If you get caught double parking downtown, you might be hit with a whopping $300 ticket after this week’s full City Council meeting. That huge hike in the double-parking fine, which is currently $100, is just one of many measures that aldermen will weigh in on Wednesday.
Here’s a look at what else is on the agenda at City Hall and some of the political drama that’s going on behind the scenes.
New police oversight chief — but debate rages over who polices the police
Mayor Rahm Emanuel is asking alderman to confirm the third chief administrator for the newish Civilian Office of Police Accountability (or COPA), the city agency tasked with investigating police misconduct.
A mayoral selection committee recommends Sydney Roberts to head the office. She has served as director of the Illinois Secretary of State Police since 2010, and previously was inspector general for the state’s Department of Human Services. The inaugural chief administrator for COPA, Sharon Fairley, resigned to unsuccessfully campaign for Illinois attorney general last month.
The expected confirmation of Roberts to COPA comes as a debate heats up over how much control civilians should have in shaping police policy and disciplining problematic officers.
Ald. Carlos Ramirez-Rosa (35th Ward) threatened to force a floor vote on Wednesday over a plan to create a civilian oversight board, which Emanuel has long promised but yet to deliver. Under Ramirez-Rosa’s plan, an elected 22-member board would replace COPA and the Police Board, which carries out disciplinary actions on officers.
But thanks to a last minute deal between Rosa and Ald. Ariel Reboyras (30th), who chairs the council’s Public Safety Committee, Rosa agreed to back off from his threat for the time being.
Fines to triple for double-parking downtown
As if parking tickets in Chicago weren’t expensive enough, Ald. Brendan Reilly (42nd) wants to slap $300 tickets on cars and trucks when they double park in the downtown business district. The current fine is $100.
Reilly said the increase is aimed at large commercial vehicles and delivery trucks that snarl traffic when they park in the street. The ordinance, however, is written to apply to all vehicles skirting the almighty city parking laws.
“The purpose here is to increase the penalty to drive compliance, it’s not so much a revenue play,” Reilly said during a committee hearing Monday. The measure passed out of committee unanimously and will go to the full council for a final vote Wednesday.
One alderman steps aside, another confirms he’s staying
The council’s longest serving alderman, Ed Burke (14th), recently confirmed he’s not retiring despite his brother, state Rep. Daniel Burke, suffering an embarrassing loss to a political newcomer, 26-year-old Aaron Ortiz, who was backed by Cook County Commissioner Jesus “Chuy” Garcia, the former mayoral candidate who knocked Emanuel into a runoff election in 2015. Garcia is currently running for Congress.
But another South West side alderman has decided to step down after 23 years in office. The departure of Ald. Michael Zalewski (23rd) gives Emanuel the chance to pick a new aldermen almost a year before the municipal elections. Zalewski on Monday said he’s planning to endorse state Rep. Silvana Tabares (D-Chicago). She is an ally to Illinois House Speaker Michael Madigan, who has come under fire in recent months for his handling of a sexual harassment case within his political organization.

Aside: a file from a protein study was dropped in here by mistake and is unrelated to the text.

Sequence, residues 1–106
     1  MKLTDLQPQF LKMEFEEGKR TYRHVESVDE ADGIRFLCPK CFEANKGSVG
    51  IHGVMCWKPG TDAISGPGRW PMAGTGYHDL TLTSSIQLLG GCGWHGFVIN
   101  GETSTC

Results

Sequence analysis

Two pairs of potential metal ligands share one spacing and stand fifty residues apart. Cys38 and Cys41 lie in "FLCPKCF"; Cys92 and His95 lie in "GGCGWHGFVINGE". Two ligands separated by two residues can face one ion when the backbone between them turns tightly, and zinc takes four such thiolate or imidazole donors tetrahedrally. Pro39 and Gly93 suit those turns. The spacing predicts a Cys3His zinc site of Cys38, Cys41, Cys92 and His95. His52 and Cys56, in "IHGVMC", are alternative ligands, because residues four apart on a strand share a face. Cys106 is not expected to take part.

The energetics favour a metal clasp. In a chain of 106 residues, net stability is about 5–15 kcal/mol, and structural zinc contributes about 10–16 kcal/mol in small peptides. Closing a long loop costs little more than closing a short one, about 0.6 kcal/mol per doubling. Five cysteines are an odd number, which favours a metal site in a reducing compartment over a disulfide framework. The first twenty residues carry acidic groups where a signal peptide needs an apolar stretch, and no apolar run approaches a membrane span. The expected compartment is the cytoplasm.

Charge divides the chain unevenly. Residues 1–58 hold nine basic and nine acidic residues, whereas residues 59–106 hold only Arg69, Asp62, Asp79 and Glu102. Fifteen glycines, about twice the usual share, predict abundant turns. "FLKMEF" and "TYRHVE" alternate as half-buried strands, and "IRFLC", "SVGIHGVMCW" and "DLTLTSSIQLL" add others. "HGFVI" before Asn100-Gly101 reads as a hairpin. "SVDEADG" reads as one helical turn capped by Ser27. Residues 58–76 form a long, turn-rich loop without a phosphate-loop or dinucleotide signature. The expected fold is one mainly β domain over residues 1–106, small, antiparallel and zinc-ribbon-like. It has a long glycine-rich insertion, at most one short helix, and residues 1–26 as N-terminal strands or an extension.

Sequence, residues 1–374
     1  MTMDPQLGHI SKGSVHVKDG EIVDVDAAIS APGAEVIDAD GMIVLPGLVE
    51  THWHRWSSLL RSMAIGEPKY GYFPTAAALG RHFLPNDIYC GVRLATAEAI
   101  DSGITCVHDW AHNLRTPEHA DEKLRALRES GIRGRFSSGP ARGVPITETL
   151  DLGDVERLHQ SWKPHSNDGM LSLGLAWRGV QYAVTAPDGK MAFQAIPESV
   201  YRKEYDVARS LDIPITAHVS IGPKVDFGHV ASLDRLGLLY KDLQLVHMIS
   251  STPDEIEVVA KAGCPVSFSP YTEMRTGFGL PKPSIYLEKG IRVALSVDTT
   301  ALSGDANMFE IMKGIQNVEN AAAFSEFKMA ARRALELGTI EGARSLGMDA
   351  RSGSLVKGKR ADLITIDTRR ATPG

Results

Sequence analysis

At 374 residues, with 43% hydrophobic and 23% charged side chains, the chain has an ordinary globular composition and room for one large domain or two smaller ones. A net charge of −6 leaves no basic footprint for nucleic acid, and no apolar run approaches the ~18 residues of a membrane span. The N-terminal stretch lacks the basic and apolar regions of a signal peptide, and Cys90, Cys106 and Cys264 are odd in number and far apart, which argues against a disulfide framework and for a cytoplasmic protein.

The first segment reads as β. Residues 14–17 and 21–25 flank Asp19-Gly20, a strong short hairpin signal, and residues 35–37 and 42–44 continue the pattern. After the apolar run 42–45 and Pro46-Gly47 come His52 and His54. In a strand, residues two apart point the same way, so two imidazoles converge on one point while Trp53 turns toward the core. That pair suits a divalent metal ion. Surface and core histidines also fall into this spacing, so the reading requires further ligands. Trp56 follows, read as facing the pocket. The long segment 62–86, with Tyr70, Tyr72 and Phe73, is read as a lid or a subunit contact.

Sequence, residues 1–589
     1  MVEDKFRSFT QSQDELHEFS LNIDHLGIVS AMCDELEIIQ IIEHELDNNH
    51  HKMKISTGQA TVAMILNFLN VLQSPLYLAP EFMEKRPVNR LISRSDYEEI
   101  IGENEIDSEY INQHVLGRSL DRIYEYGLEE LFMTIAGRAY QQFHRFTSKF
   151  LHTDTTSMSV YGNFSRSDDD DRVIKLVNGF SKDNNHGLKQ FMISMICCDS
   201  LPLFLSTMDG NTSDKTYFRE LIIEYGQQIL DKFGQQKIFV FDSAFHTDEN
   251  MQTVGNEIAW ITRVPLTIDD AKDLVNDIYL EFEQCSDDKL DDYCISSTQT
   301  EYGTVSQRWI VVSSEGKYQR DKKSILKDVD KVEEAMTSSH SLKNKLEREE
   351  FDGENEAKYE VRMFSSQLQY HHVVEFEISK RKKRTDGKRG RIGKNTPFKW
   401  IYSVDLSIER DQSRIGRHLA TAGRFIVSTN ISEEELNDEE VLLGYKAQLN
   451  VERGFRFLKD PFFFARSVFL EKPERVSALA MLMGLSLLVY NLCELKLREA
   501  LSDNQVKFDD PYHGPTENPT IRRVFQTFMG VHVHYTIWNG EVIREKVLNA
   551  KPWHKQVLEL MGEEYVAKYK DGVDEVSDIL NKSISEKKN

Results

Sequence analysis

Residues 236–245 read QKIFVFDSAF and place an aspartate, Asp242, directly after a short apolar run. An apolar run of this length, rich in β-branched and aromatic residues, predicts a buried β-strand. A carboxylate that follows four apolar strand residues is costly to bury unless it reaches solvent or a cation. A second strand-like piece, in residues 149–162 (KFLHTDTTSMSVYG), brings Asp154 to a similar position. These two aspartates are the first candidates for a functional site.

Zalewski’s retirement from the council has also set off a scramble over his chairmanship of the council’s Aviation Committee, which comes with a budget and jobs. Aldermen Proco Joe Moreno (1st), Ricardo Munoz (22nd), and Nicholas Sposato (38th), who is the committee’s vice chair, are all interested in the chairmanship.
The mayor’s office remains mum on both appointments.
City settles four lawsuits for more than $6 million
The largest of the four payouts — $2.3 million — is for a case involving an August 2015 police shooting of a then-16-year-old boy that was also tainted by problems with the city’s legal team. In January, a city attorney on the case resigned and two more were suspended after a judge found they failed to produce evidence.
The other settlements include $840,000 to the wife of a man who hung himself in prison, and $1.5 million to a Chicago cop who claimed his supervisor assigned him to undesirable tasks after the two got in a dispute over work he did off hours at the supervisor’s Michigan cabin.
The city paid out $21.5 million for legal settlements during the first two months of 2018, the majority of which involve the police department, city records show.
Cook County Democratic Party leadership
Cook County President Toni Preckwinkle has been courting votes to replace outgoing Cook County Assessor Joe Berrios as chairman of the county Democrats. She appears to be the party favorite and has the support of Ald. Ed Burke (14th), Ald. Walter Burnett (27th), and Ramirez-Rosa (35th).
Immediately after Wednesday’s City Council meeting, all 80 of Cook County’s Democratic ward and township committeemen will vote on new leadership. The title of Cook County Democratic Party chairman doesn’t have the the same clout it once had in the days of Mayor Richard J. Daley. Berrios has held the seat since 2007.